And that is the difference that I am talking about. Owning up to things, no matter what the consequences. We are always on the lookout for ways to shrug responsibility off especially in the face of adversity (considering that our client has actually escalated the fact the Development is not giving the right attention to the bugs that we have raised)…But it takes the heart of a leader to stand up for something.
And it is this difference in attitude, in vision that has gotten the Senior guy where he is today and also the reason why the Development guy remains where he is. He may be good. But he is not great enough. I am appalled at the apathetic behaviour he displayed but I also have learnt a business lesson that will last me in good stead - Own up. Stand up. The more fire you face, the brighter you shine…like Gold.

7 Thinkers Pondered:

sanchapanzo said...

sometimes people tend to forget who's the priority .. guess, the person who's close to client feels the tremor.. and rest are even not feeling the aftershocks..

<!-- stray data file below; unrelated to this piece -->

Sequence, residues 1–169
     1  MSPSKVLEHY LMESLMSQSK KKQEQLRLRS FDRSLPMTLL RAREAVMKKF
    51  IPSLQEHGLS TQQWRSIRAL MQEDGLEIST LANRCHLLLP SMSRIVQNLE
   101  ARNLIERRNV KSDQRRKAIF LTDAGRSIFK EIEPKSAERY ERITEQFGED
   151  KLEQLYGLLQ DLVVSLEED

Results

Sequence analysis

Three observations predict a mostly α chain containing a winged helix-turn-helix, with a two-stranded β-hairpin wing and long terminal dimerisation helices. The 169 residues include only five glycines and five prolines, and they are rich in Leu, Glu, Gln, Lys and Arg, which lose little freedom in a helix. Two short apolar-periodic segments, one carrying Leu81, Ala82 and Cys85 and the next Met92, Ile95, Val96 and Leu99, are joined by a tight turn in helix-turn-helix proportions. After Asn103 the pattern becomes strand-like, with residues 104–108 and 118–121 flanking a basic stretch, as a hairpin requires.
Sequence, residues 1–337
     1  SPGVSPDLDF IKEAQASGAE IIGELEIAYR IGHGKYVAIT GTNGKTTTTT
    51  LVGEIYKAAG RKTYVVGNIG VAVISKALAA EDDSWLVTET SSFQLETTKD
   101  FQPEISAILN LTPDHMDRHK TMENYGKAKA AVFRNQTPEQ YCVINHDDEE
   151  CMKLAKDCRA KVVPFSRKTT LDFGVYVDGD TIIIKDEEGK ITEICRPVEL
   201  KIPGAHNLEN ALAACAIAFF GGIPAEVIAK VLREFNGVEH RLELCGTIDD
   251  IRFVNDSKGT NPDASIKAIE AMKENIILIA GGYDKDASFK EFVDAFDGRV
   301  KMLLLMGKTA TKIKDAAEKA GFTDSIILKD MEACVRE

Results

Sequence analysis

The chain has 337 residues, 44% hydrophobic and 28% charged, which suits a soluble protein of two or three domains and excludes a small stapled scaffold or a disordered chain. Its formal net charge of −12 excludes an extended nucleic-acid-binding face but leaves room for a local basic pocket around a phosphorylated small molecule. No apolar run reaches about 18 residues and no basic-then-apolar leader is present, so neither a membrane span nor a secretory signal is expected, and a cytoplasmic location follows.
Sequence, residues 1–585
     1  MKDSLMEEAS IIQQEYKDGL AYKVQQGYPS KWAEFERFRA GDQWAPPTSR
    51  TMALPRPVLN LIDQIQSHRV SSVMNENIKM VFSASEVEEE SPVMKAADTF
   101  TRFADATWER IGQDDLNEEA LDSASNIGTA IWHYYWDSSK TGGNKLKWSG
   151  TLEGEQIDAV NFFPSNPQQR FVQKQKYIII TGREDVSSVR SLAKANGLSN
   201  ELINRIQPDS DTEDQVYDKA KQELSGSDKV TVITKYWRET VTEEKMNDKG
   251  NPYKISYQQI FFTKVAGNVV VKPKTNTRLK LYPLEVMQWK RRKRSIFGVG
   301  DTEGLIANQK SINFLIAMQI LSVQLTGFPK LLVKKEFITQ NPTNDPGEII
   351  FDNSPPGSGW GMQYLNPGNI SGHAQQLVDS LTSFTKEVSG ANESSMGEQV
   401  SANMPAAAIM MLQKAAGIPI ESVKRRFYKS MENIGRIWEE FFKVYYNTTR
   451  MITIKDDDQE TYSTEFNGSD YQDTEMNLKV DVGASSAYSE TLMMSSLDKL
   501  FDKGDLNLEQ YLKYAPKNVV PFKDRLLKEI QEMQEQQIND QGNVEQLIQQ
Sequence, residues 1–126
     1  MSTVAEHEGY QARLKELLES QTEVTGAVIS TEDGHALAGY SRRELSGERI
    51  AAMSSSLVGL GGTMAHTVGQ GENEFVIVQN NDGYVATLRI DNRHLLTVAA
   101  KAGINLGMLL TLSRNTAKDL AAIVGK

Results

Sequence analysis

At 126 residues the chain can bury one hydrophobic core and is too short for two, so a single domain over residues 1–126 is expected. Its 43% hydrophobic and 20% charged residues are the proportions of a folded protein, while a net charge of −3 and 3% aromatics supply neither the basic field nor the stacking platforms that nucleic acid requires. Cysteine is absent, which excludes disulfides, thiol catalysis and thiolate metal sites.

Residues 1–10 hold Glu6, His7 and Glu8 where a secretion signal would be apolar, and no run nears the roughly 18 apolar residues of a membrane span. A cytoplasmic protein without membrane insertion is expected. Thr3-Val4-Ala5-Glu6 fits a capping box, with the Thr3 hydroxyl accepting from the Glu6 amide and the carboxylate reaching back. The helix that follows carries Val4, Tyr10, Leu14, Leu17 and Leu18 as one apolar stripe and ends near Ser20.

sorry state really..
the farther people are away from reality such problems are bound to recur.. sad commentary though :(

Vinni said...

i was wondering where u leading us to all the while till i read the last two paras. :-) yes, now u know why i am heading for hardware and not software!

Utsarg said...

Great lesson to learn early in the career!

But I feel there is one more important lesson to learn here. The senior PM took pains to clarify the issue and suggest a workaround because it was his creation, he might still enjoy taking credit and priding himself for the piece of code referred by a billion packages.

On the other hand, dev guy shied off from the responsibility because he must not have seen any motivation to get involved. He would feel putting his time in developing something of his own more worthwhile than little enhancement in somebody else's creation.

Everyone cares for his/her own baby and no one likes to clean somebody else's shit!

I hope I am not missing something completely. Correct me if I am wrong.

xunz said...

This is corporate world... u'll come across some interesting characters ;)

u have created programming environment in ur writing...that's cool!

Anupama Kondayya said...

Hey Sanchapanzo,

You are right...the person who wears the shoe knows where it pinches...I think more than being away from reality, it is closing one's eyes to reality that causes recurrences of such problems.


I don't think this is a problem that can be attributed to the software industry although it has manifested itself through that...this problem could have occured anywhere - somebody washing his hands off his responsibility. Thanks for the comment.